I found that the tank could be tuned even without power applied to the chip. This is done by exciting another loopstick antenna with a 60KHz signal running less than 100mV. Coupling the exciter loopstick to the antenna on the CME8000 injects a signal into that resonant tank circuit. I scoped the tank circuit and adjusted the capacitor and coil for resonance at 60KHz, plus or minus 100Hz. The signal level at that point is just some few millivolts. The resonant peak does not move significantly after power is applied.
With a small loopstick antenna (about 1 inch long), I was only able to obtain a tank Q of about 25.
It is possible to electrostatically shield a loopstick antenna, to cut noise levels. However, I determined that any proximate shielding material detuned the antenna considerably. This has the effect of making the shield part of the tank circuit, requiring tuning of the tank with the shield fixed in place. That means that any shielding material needs to be carried with the WWVB receiver circuit and not externally, for example on the inside surface of an enclosure.
Another tuning issue concerns the crystal. The data sheet does not specify the mode of operation of the crystal, series or parallel resonance. All the tuning fork 60KHz crystals I found were listed as parallel mode. However, it appears that the crystal is used in series mode, as a filter, meaning that the point of resonance will not be 60.000KHz. I measured several crystals and this was indeed the case, with the error being one or two Hertz. This is enough to seriously impact the sensitivity of the receiver. I obtained a quote from C-MAX through a distributor for 60KHz crystals (mode not specified), and they quoted a 6-week lead time. Presuming that they are having 60KHz series mode crystals made custom, it is interesting that I can buy the chips off the shelf, but not the right crystals. I found with one device that the crystal taken from a C-MAX development board worked, but a stock 60KHz parallel mode crystal did not.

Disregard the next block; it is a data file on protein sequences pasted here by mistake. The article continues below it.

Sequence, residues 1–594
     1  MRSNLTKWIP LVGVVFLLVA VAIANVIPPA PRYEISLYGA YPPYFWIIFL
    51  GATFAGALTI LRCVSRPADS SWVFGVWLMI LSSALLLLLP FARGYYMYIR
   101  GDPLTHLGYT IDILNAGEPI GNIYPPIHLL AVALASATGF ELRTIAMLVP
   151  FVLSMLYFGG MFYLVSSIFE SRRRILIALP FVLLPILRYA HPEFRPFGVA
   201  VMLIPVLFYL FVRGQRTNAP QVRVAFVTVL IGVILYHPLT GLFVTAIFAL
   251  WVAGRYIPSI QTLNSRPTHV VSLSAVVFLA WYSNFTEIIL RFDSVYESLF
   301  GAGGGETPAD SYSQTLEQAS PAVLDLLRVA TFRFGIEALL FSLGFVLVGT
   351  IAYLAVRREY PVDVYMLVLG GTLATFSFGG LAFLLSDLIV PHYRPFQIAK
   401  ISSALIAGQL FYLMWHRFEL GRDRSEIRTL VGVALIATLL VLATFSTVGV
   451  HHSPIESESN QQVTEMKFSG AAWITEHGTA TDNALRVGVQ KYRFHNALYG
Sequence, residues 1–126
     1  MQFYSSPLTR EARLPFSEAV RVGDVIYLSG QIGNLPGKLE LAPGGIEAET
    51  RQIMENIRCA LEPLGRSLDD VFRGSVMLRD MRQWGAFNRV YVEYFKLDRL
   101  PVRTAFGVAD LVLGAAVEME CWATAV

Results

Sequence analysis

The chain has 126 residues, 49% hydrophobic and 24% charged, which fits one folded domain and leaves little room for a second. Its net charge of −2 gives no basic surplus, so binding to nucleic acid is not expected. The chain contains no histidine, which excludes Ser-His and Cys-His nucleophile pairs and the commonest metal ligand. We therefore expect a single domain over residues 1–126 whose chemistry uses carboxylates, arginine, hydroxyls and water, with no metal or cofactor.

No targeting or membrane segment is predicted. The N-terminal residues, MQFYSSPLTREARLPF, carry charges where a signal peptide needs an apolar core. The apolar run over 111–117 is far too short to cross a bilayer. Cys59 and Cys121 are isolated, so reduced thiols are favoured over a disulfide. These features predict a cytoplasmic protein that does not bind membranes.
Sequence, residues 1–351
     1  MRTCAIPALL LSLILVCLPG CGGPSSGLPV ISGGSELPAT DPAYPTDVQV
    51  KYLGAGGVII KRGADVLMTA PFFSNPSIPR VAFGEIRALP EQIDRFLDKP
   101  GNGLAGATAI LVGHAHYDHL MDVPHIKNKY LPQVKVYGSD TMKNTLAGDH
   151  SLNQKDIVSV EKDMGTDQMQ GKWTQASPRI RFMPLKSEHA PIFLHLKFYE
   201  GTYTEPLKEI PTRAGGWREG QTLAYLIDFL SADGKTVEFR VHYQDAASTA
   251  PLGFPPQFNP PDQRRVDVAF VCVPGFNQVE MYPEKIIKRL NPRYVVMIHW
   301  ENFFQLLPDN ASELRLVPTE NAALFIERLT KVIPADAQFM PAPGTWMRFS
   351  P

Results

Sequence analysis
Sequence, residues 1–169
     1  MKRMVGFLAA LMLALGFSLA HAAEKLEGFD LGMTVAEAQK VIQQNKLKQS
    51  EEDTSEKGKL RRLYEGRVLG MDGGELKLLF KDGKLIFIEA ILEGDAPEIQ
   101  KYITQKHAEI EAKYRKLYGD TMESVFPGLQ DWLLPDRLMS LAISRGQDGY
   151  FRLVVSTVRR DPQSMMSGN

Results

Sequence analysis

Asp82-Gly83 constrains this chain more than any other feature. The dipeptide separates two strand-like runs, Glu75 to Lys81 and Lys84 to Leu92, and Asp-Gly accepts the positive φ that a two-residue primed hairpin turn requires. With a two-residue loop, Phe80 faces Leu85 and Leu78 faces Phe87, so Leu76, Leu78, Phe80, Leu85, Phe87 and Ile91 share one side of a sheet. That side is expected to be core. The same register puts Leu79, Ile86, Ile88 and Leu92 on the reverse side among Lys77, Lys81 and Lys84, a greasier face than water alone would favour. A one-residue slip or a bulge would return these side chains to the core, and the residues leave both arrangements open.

I was ultimately able to tune the tank circuits and get some decode performance even using stock parallel mode crystals, though I am highly suspicious that much of the sensitivity is being wasted.
A WWVB Simulator
I work days, and that makes it tough to test WWVB receivers, since propagation is best at night. After some struggling with this issue, I built my own WWVB simulator. This is a trivial affair and consists of a DDS function generator (B&K 4017B), a transistor based attenuator, serial port cable, and simple bit generator program.
Recall that the WWVB signalling format requires attenuation of the signal during various time periods to create and differentiate the bits. It is not just an on-off keying protocol.
The signal generator has a sub-Hertz resolution and can produce a good 60KHz sine wave within the narrow passband of the receiver. The generator has a computer interface via RS-232 and the signal level can be varied. However, as with much test equipment these days, the AM performance is poor, having a bandwidth of perhaps 5Hz! It is not possible to have a program control the signal level through the RS-232 interface because the signal slews only slowly between levels, revealing some poor design choices in this product as well. Isn’t life fun?
To compensate for this difficulty, I created a simple attenuator consisting of a transistor and a couple resistors, driven from an RS-232 RTS line. See the schematic below.
The RTS line from a PC serial port is used to control the signal level.
I cannot publish the program I wrote, but it is simple and you should have no trouble reproducing the function. There is a good table showing the time code format here. I tabulated a fixed time in a constant array and sent it repeatedly. You could easily send the actual date and time. That reference also discloses the bit timing format.
Thus it is not necessary to spend thousands of dollars for a WWVB simulator when you can build one in a couple hours.
Those are my experiences with the C-MAX CME8000 WWVB decoder device, and how I compensated for its shortcomings. Please do not email and ask for source code as I cannot divulge it at this time. However, I have given you the basic outline of what needs to be done, as the C-MAX application notes attempted to do with less than total success. Making a working WWVB receiver should be easy for you now. Good luck!
Hank Wallace is the owner of Atlantic Quality Design, Inc., a consulting firm located in Fincastle, Virginia. He has experience in many areas of embedded software and hardware development, and system design. See www.aqdi.com for more information.